“But when my agent called me about the 10-team list, I understood it was serious. Stan [Bowman] wouldn’t ask for that unless they made up their mind already,” Hjalmarsson said via conference call on Saturday. “That’s when it hit me that I’m probably not going to put the Hawks jersey on anymore.”

Indeed, Hjalmarsson’s next jersey will be that of the Arizona Coyotes, who acquired him in exchange for defenseman Connor Murphy on Friday. Hjalmarsson’s departure marks the end of the line for another Blackhawks core player, and this one is jarring in how it will change the team’s defense.

Speaking of change, Hjalmarsson faces a lot of it himself now. Sure, there’s the obvious change for a guy who’s played his entire career in one place. It’s new surroundings and a new team, on which he knows former Blackhawks teammate Antti Raanta and fellow countryman Oliver Ekman-Larsson.

But the Coyotes have dealt with a lot of upheaval lately. Goaltender Mike Smith is gone. So is veteran Shane Doan. On Thursday, head coach Dave Tippett and the Coyotes parted ways.

“They’re on a rebuild, a lot of new faces, lot of changes,” Hjalmarsson said. “It’s tough to know what to expect but I think they’re a hungry organization that wants to win like other teams. I’m looking forward to try to contribute with playing my game, just try to get the organization back in the playoffs.”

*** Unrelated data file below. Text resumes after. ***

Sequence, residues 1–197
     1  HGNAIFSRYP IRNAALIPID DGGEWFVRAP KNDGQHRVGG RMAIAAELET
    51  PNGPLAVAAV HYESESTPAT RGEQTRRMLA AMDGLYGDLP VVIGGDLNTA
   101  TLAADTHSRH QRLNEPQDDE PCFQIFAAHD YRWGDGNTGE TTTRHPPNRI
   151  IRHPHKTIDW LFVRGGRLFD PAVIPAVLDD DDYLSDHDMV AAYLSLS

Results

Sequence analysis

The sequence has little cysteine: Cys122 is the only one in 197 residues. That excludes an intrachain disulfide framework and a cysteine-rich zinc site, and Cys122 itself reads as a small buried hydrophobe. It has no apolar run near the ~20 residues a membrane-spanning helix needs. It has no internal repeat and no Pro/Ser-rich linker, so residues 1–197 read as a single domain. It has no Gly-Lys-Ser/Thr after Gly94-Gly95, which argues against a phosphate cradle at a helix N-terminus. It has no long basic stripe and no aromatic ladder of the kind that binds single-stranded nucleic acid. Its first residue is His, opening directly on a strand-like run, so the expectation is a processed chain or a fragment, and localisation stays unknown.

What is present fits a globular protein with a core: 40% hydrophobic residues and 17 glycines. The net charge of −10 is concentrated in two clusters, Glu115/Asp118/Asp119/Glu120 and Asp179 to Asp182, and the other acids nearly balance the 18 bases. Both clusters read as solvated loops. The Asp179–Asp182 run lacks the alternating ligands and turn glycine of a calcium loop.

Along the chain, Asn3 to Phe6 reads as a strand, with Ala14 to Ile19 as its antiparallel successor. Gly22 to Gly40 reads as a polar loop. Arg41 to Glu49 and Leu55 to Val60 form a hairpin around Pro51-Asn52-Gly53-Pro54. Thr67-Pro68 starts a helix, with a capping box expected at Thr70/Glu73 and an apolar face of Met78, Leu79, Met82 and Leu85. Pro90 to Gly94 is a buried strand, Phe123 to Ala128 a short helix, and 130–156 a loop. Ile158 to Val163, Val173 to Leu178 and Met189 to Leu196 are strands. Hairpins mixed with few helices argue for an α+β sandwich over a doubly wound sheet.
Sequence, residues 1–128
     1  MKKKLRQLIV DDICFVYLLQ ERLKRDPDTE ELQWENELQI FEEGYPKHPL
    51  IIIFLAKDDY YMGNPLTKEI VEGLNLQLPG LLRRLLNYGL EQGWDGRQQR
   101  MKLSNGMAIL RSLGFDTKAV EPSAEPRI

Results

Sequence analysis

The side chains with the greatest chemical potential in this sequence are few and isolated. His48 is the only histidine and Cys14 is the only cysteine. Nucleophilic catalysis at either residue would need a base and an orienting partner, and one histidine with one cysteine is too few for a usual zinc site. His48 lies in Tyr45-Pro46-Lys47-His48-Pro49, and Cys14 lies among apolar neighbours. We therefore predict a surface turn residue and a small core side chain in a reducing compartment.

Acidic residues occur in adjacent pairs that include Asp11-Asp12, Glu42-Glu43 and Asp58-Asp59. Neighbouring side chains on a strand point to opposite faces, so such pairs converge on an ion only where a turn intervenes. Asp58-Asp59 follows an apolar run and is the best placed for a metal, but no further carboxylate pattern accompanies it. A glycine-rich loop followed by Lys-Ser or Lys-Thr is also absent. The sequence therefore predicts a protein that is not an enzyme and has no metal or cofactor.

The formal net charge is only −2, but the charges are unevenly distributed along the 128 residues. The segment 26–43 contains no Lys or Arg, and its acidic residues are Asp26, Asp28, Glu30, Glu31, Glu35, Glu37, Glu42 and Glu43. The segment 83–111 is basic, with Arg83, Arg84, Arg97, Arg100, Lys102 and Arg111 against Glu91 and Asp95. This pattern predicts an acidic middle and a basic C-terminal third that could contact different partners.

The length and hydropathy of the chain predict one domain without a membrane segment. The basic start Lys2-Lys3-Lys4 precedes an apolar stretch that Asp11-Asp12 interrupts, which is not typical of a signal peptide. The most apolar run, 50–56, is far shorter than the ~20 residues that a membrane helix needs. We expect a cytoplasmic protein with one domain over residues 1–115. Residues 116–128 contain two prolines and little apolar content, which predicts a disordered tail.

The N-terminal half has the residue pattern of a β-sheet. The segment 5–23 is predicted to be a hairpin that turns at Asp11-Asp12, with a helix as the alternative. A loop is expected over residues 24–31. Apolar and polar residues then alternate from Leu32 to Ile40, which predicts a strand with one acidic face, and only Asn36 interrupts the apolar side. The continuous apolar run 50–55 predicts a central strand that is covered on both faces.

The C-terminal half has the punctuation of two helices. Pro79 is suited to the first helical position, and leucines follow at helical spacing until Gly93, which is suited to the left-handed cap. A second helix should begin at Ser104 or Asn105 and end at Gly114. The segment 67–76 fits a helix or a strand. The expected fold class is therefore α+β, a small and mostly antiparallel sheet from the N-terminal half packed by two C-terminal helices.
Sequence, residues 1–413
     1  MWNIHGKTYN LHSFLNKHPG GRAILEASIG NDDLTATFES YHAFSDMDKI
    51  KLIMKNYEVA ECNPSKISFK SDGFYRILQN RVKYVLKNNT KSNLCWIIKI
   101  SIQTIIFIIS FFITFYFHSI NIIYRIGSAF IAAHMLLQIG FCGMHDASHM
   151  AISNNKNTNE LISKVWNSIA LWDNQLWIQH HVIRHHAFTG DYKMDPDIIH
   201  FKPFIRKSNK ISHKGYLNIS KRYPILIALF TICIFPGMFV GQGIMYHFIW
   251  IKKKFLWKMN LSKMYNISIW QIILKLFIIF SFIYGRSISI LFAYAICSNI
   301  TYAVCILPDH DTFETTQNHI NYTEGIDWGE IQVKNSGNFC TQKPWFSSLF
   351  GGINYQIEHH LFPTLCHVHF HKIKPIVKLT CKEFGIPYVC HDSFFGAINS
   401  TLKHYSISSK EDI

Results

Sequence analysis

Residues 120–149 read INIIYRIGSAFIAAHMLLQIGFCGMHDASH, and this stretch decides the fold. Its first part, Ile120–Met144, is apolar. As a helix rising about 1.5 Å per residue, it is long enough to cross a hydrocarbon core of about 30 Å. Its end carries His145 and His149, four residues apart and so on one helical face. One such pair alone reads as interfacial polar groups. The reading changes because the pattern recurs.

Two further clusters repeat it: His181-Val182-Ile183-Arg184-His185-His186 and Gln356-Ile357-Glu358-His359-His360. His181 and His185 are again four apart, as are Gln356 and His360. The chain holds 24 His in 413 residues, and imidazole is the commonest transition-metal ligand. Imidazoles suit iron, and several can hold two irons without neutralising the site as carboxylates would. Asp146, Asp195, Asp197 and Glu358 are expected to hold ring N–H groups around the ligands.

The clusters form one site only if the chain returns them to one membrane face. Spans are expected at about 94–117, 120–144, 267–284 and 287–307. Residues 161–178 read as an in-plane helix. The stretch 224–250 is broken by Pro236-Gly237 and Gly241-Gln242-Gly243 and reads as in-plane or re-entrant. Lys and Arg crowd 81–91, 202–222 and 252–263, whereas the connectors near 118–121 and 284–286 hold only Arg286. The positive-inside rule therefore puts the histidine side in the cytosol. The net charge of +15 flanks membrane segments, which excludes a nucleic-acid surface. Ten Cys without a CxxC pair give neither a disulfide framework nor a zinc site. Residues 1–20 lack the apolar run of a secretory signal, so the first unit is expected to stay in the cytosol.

Hjalmarsson should find chemistry with Ekman-Larsson – the two were teammates in the Winter Olympics in Sochi – and Hjalmarsson will likely play a bigger role with the Coyotes. Arizona will probably look to Hjalmarsson a lot during its rebuild, given his Cup-winning history.

The first 24 hours were full of mixed emotions of Hjalmarsson. With his limited no-move clause, he was always a likely candidate to be moved from a Blackhawks team laden will full no-move clauses. He’s turning a page, but he won’t forget his time in Chicago anytime soon.

“I’m trying to always be a positive guy,” Hjalmarsson said. “I spent my whole 20s in Chicago, 10 unbelievable years. I didn’t think I’d win three Cups. Hopefully I can get one more before my career is over. I had the best time in Chicago, enjoyed every single year, playing in front of the best fans in the league. I’ve been spoiled. Now it’s time for me and my family to move on and seize the opportunity in Arizona and create some new fond memories.”